Is your old water heater no longer able to keep up with your household’s demands? Or are you planning on putting in the first water heater for a new house?
Whatever reason you’re considering purchasing a new water heater, we want to make sure you know about the heat pump water heater. It isn’t the best choice for all homes—but it may be the best for yours, and we don’t want you to miss out on this option.
What Makes a Heat Pump Water Heater Different
Let’s get down to the basics:
A heat pump water heater is similar in many ways to the storage tank water heater you’re familiar with. Water is stored in a large tank, where heat is applied to it to raise its temperature. When there’s a demand for water, a pump moves the heated water from near the top of the tank into the plumbing, and more water enters the tank from the freshwater supply. The water must be periodically heated as it cools down to replace standby heat loss.
With a heat pump water heater, the source of the heat put into the tank comes from the heat around the outside of the tank. Gas water heaters use gas jets and electric water heater use heating elements inside the tank to heat the water. But a heat pump water heater uses the evaporation and condensation of refrigerant to move heat into the tank. Think of it as an AC in reverse—the heat is taken out of the air, then moved into the tank and released.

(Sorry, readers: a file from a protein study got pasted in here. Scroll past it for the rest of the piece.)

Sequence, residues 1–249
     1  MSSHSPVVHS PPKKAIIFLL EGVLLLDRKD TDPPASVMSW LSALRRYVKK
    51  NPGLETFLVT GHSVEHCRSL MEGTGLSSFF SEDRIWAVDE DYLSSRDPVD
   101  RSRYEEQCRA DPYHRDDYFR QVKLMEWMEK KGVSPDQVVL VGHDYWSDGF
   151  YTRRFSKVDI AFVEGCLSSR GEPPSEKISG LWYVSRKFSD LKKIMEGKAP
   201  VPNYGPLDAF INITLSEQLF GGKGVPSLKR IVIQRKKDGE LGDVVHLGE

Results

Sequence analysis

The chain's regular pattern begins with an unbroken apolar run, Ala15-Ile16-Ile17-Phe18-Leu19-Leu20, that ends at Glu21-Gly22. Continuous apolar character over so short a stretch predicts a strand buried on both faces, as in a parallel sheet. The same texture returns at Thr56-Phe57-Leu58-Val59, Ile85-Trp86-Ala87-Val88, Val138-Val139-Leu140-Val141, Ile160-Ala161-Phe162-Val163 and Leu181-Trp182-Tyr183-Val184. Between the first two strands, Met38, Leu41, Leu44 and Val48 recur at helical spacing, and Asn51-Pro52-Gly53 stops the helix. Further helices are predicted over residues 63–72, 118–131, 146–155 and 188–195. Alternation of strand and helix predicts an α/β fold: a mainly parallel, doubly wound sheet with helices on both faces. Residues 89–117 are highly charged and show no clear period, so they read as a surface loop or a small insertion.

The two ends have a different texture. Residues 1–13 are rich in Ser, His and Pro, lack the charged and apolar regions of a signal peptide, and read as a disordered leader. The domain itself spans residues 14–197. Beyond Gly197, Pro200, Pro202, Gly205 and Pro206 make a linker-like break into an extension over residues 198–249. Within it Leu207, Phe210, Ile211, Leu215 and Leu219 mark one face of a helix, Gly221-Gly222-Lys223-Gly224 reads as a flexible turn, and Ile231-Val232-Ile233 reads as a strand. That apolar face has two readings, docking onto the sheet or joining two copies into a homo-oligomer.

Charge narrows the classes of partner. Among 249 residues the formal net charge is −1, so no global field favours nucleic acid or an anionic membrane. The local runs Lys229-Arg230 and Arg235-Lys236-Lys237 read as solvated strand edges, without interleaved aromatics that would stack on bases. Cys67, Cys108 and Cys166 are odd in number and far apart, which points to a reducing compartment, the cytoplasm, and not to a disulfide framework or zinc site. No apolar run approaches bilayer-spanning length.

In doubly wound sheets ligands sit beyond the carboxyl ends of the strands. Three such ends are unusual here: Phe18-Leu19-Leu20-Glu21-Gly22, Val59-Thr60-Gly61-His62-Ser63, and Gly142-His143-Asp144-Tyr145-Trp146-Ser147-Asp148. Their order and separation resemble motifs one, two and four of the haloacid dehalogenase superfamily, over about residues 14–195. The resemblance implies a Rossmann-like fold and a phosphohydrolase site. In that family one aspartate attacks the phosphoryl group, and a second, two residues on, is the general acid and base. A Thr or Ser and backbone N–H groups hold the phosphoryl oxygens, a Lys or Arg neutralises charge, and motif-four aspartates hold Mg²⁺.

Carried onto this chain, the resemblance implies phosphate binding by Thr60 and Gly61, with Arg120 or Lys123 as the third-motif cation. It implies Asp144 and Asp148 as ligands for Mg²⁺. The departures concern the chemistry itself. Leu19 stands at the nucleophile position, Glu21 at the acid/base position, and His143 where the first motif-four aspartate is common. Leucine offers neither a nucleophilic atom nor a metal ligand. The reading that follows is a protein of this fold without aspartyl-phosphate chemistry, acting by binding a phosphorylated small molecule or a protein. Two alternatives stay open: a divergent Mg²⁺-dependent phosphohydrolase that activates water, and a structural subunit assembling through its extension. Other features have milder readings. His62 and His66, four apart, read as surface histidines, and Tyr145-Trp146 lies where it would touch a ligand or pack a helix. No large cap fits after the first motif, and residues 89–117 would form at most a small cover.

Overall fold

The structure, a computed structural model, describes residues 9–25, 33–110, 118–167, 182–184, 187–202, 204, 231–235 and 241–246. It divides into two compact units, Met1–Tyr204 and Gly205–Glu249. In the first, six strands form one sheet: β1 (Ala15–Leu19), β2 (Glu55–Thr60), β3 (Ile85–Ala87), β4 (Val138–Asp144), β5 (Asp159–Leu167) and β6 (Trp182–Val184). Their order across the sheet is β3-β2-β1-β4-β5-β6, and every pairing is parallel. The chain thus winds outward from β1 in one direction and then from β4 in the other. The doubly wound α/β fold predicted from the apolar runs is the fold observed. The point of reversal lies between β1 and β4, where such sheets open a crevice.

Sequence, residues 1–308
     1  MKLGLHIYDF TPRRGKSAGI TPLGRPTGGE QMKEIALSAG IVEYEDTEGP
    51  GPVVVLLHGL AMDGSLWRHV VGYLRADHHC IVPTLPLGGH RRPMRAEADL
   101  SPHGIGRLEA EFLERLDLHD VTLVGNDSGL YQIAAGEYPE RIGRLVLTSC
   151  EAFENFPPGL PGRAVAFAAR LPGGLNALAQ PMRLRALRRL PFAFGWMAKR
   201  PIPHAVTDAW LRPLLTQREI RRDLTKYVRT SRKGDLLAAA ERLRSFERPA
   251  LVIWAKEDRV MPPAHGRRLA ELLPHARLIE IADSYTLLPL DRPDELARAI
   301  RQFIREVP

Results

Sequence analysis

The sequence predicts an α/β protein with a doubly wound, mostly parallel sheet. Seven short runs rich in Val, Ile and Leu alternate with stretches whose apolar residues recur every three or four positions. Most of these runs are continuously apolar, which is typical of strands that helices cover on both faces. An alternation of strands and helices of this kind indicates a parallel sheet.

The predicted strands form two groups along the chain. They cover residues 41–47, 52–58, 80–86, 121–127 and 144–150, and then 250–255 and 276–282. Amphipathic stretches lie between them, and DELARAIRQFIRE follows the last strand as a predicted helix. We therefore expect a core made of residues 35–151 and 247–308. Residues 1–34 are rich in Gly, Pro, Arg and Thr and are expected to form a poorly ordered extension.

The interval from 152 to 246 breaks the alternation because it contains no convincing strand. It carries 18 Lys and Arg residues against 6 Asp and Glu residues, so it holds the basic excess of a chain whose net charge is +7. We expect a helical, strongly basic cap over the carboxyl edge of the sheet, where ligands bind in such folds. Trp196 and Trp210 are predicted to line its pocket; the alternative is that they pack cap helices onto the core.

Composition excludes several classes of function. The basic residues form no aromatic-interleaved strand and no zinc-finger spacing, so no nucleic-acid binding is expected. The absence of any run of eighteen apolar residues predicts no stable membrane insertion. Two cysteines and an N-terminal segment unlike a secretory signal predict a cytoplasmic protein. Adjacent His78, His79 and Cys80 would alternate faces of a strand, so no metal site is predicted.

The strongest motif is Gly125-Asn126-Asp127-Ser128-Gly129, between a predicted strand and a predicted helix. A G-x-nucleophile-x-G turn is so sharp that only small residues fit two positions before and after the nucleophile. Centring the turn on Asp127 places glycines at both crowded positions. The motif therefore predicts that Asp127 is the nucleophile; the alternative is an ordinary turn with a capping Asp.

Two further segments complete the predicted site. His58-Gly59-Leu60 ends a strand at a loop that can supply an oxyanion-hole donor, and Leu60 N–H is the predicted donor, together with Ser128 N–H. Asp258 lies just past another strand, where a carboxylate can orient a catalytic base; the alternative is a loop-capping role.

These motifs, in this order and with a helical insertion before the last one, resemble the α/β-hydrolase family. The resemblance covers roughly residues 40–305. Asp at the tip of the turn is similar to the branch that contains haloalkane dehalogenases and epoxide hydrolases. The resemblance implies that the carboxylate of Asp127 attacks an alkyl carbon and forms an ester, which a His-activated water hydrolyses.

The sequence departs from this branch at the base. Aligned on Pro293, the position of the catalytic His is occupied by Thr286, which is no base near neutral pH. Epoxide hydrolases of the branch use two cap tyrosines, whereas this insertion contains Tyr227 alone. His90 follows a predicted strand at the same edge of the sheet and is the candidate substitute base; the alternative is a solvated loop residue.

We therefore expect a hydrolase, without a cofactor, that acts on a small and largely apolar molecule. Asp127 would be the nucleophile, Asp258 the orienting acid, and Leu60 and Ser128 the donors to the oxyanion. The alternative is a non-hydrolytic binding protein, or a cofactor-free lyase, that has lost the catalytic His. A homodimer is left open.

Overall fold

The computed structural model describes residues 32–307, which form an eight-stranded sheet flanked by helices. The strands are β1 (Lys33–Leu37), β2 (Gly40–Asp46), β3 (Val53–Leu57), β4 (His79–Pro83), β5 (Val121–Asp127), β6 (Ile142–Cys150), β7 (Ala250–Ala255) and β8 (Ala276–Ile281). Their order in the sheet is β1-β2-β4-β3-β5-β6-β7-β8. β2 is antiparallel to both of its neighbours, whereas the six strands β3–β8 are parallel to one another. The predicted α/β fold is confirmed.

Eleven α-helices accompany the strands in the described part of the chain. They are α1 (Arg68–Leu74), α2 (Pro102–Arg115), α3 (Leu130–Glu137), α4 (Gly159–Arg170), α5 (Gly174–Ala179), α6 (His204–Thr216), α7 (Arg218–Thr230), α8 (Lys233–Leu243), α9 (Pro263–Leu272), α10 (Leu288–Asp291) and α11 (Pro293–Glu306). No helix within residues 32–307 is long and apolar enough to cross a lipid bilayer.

When This Is a Beneficial Option
If your home has a connection to a gas main, our advice is to stay with a gas water heater. It’s a cost-effective and powerful type. But if you have an all-electric house, a heat pump water heater is a top-of-the-list choice. The heat pump parts of the water heater run exclusively from electrical power, just like an air conditioning system.
Unlike the standard electric water heater, a heat pump water heater does not generate heat; it moves heat. This uses much less electrical power than the heating elements in an electric water heater, which generate heat through electrical resistance (i.e. running voltage through metal parts so they burn hot). Electrical resistance consumes high amounts of electricity, and switching to a heat pump water heater can save a household around 25% off water heating bills each year.
Southern Californian homes are ideally suited to using this type of water heater because the heat pump always has access to sufficiently warm air it can use for heat energy. The water heater can be placed in an unheated part of the house (such as the garage or a shed attached to the house) without concern about efficiency drops.
Ask for a Professional Opinion
We recommend calling us for plumbing in Fontana, CA to take care of your water heater needs. We’ll make sure you end up with the system that will provide the hot water volume you need while saving you money.
Call Sweetwater Plumbing to find out more about your water heater options. We don’t charge by the hour, we charge by the job!